Book Talk: Sweatshop toils haunt novel of immigrant life
By Chelsea Emery
NEW YORK (Reuters Life!) - An immigrant family cracks open the oven door to ward off New York's brutal cold in an unheated apartment and works for pennies in a dust-filled Chinatown sweatshop as they adjust to life in a new land.
Author Jean Kwok drew on her own experience to depict the struggles of a strong-willed girl from Hong Kong whose intelligence lands her in some of the country's best schools even as she helps her mother bag garments in a workshop late into the night.
Kwok's first book, "Girl in Translation," which will be released May 3, experiments with language to show how her talented main character, Kimberly Chang, navigates English. Kwok also explores Chang's struggles to learn American customs and make friends while concealing her poverty.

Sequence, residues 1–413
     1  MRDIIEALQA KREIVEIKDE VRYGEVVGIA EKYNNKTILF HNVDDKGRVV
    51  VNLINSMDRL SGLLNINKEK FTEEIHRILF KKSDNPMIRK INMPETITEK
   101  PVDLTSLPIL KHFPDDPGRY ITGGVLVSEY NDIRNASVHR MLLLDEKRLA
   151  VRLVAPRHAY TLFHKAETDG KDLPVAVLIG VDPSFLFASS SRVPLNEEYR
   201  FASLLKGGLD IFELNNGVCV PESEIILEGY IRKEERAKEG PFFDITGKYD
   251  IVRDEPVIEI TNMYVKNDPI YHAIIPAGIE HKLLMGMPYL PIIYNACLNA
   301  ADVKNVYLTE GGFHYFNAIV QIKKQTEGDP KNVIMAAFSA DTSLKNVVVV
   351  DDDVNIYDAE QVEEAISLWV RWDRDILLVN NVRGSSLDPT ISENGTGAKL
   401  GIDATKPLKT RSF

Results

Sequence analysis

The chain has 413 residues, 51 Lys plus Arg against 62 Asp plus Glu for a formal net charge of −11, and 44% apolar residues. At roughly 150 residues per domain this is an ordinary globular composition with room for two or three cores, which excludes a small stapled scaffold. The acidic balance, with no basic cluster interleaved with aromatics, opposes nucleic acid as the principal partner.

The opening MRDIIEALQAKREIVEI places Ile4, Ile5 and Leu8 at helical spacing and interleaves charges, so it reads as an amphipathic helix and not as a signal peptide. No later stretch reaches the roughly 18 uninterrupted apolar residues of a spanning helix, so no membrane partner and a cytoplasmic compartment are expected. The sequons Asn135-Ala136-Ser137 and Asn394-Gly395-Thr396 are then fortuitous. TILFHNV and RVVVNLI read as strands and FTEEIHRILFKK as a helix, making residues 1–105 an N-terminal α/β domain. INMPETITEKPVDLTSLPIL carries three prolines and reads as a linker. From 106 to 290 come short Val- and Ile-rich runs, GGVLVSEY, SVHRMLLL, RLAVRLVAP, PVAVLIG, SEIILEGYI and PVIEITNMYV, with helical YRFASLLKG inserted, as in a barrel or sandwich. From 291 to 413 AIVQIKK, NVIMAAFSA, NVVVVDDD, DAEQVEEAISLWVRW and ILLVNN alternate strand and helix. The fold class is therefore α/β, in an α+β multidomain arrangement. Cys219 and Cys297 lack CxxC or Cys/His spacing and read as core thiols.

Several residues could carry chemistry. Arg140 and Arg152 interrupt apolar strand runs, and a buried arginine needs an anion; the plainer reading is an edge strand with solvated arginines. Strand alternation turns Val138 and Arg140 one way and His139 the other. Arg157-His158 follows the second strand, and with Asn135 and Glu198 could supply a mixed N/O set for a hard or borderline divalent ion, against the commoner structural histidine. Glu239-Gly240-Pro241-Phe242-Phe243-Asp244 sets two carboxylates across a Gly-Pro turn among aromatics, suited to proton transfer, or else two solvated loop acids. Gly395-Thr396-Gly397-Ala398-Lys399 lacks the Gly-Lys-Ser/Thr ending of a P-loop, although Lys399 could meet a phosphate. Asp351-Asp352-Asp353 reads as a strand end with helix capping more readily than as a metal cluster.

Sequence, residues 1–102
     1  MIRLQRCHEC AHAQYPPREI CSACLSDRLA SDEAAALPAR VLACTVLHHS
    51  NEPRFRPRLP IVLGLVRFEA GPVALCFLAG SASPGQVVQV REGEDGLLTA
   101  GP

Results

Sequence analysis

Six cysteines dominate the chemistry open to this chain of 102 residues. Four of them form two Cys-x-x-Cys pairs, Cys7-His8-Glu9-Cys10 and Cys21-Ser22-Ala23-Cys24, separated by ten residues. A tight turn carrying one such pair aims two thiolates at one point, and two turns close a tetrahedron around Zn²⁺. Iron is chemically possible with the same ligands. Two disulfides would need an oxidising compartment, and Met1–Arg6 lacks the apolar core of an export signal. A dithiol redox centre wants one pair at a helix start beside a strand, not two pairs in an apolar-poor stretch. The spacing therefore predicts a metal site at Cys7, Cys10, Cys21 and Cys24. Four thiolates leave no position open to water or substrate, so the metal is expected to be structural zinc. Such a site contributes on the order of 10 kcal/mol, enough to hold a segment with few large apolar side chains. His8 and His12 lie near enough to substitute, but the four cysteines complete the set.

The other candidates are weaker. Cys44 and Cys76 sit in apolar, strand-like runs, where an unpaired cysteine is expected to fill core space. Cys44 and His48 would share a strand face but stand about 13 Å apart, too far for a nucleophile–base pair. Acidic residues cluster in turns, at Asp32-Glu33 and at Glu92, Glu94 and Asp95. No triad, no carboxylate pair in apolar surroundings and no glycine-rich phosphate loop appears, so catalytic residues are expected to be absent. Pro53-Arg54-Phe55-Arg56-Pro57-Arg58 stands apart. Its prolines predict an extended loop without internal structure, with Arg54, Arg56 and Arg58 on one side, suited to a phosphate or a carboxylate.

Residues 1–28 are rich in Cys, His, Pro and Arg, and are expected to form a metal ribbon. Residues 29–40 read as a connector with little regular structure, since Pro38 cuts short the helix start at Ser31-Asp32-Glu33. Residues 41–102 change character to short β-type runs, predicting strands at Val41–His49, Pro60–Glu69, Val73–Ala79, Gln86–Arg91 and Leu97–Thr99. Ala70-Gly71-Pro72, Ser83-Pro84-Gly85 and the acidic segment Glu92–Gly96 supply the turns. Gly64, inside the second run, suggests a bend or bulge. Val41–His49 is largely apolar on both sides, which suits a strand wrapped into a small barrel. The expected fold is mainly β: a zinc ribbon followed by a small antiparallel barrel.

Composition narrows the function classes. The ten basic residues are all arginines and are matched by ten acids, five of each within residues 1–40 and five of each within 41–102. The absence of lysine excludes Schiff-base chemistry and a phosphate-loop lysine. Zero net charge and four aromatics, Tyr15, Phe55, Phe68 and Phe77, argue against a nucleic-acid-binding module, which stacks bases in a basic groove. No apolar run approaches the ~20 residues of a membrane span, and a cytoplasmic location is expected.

She spoke to Reuters about writing a novel and what drove her to revisit some of her more painful memories.
Q: What similarities do you and Kimberly Chang share?
A: "I moved to the United States when I was five. My family, they had been fairly well-to-do in Hong Kong and they did lose everything by the time they came here. So we worked in a sweatshop and we lived in an apartment just like the one in the book.
"We lived without heat. We kept the oven door open to keep the apartment warm. A detail I didn't even put in the book is that parts of the ceiling would fall in on us. My father built a canopy over the mattress we slept on to keep the plaster off when we were sleeping...
"The sweatshop is exactly like it is described in the book. I was lucky enough to be able to leave the sweatshop and go to Harvard and go on with my life and to become a writer. I've been extremely fortunate. Continued...